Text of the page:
into the rarified air

June 09, 2024  •  6 Comments

With high temperatures predicted in the mid-90s, it seemed like the perfect time to head to the mountains and inhale that rarified air one encounters at 10 to 11,400 feet in elevation.  Although we have walked the Aspen Vista trail/service road for the Santa Fe Ski Basin a number of times during the years since returning to Santa Fe, we had not gone all the way to the open rocky area for some time.  With crystal clear blue skies and not a cloud around, thunderstorms and lightning were not a problem.  Definitely a good time to put in a few more miles than normal.  It was definitely worth it.  Below is a photograph of one of the rock outcroppings, northeast of which are the radio towers and the top of the ski area.   You can see patches of snow in the right middle of the photograph.  Although there were lots of puddles on the trail, we did not walk through snow or mud.   There were, however, still some large patches of snow along the sides of the trail above 11,000 feet.

Aspen Vista/Santa Fe Ski Area road rock pileAspen Vista/Santa Fe Ski Area road rock pile

We were unaware of a companion in the rocks until it appeared as we were resting and enjoying the view.  Affectionately known as a GMGS, this golden mantled ground squirrel had grown up on snacks from hikers.  Had it been able to speak human, it would have asked us what was on the menu.  Regardless, its request was pretty obvious.

Animals - golden mantled ground squirrel 1 2024Animals - golden mantled ground squirrel 1 2024
 

Animals - golden mantled ground squirrel 2 2024Animals - golden mantled ground squirrel 2 2024

Animals - golden mantled ground squirrel 3 2024Animals - golden mantled ground squirrel 3 2024
 

 

Along the road were a number of late spring/early summer flowers.  There is going to be a bumper crop of wild strawberries this year.  I had not noticed walking on the way up that distributed within their numbers were also Canadian violets.  The retina-burning brightness of the white at high altitude is stunning, not to mention the clarity of the flower's center.  Almost like an eyelash winking at you.

Flowers - Canadian white violet 1 2024Flowers - Canadian white violet 1 2024 Flowers - Canadian white violet 2 2024Flowers - Canadian white violet 2 2024

 

Mountain parsley is scattered along the road...

Flowers - mountain parsley 2024Flowers - mountain parsley 2024

 

as is the western wallflower, on which painted lady butterflies (I trust you will correct me if that is wrong, Clyde) were feasting.

Butterflies - Painted Lady on western wallflower 1 2024Butterflies - Painted Lady on western wallflower 1 2024

 

 

This painted lady was working on a dandelion.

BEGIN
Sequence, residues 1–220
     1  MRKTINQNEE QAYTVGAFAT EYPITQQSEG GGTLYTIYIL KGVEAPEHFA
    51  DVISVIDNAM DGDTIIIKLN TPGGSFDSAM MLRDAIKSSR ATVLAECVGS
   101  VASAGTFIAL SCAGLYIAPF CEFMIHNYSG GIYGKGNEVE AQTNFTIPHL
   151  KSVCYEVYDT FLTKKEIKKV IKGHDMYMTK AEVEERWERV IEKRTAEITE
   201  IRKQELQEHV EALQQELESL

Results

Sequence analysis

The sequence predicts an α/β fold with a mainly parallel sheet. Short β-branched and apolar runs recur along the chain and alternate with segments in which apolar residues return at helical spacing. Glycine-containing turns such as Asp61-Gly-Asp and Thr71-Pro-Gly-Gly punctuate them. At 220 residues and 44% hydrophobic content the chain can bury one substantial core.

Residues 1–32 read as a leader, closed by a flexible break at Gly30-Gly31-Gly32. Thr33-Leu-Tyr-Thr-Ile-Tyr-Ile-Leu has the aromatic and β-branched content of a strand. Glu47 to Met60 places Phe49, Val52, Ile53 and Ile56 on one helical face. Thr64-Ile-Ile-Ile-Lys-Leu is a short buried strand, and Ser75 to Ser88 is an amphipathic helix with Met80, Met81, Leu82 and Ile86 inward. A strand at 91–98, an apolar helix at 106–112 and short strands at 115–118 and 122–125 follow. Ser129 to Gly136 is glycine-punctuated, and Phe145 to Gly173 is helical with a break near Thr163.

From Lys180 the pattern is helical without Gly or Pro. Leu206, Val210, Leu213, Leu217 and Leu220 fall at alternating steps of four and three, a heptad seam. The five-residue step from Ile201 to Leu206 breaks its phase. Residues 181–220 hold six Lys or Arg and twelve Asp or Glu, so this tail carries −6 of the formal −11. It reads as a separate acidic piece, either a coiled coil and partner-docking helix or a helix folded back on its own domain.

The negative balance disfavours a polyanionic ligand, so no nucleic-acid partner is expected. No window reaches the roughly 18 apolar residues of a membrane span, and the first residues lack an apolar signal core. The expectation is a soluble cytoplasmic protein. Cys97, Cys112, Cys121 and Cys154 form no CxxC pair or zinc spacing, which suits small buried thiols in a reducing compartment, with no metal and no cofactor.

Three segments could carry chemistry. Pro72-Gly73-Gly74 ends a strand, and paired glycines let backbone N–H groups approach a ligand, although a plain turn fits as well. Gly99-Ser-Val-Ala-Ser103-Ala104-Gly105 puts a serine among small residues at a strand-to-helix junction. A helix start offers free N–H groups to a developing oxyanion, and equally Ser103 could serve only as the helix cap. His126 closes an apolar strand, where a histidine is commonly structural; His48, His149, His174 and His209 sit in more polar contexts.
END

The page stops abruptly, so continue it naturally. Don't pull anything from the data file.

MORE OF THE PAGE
Butterflies - Painted Lady on western wall flower 2 2024Butterflies - Painted Lady on western wall flower 2 2024

 

 

Because of the lack of wind, dandelions that had gone to seed were perfect in shape and detail.

Flowers - dandelion seed head 1 2024Flowers - dandelion seed head 1 2024

 

Finally, the early afternoon light was playing on a scarlet paintbrush in the shade of aspens.

Flowers - scarlet paintbrush 1 2024Flowers - scarlet paintbrush 1 2024   

 

Thanks to Jean & Sam, Marilyn G., TTT, Steve, Catherine, and Ingrid for commenting on the blog site this week, and to others who comment via email, text, phone, or in person.  It is always good to hear from you.  I hope you have an excellent week of photography and exploration!

until next Monday,

DB

  a passion for the image©   


Comments

TTT(non-registered)
visceral visuals bonanza! so glad you could click, click, click
Louise Watkins(non-registered)
These are so beautiful!!
Such amazing pictures
Steve Immel(non-registered)
Good to see the fauna among the flora in this post, Daryl. The squirrels are charming, clever and ready for a treat. At high altitudes I find myself hunting for the more elusive pika hiding in the rocks. We see them near Williams Lake above the Taos Ski Valley. The "retina-burning brightness" draws me into the yolk and brush strokes or eyelashes of the Canadian violet. Between the violets, dandelions. mountain parsley, squirrels and butterflies' you've taken us on a lovely tour of the southern Rockies in summer.

66 today. 90 tomorrow. Stay cool.
Sara Woodburn(non-registered)
What would I do without your weekly photo windows of our old home grounds? Thank you!!
Pauli(non-registered)
The Sacramento Valley here has been hazy and pale blue for weeks now - so grateful to see a perfectly blue sky even if it's in New Mexico. Thanks for all the colorful alpine flowers, too - always a welcome sight.
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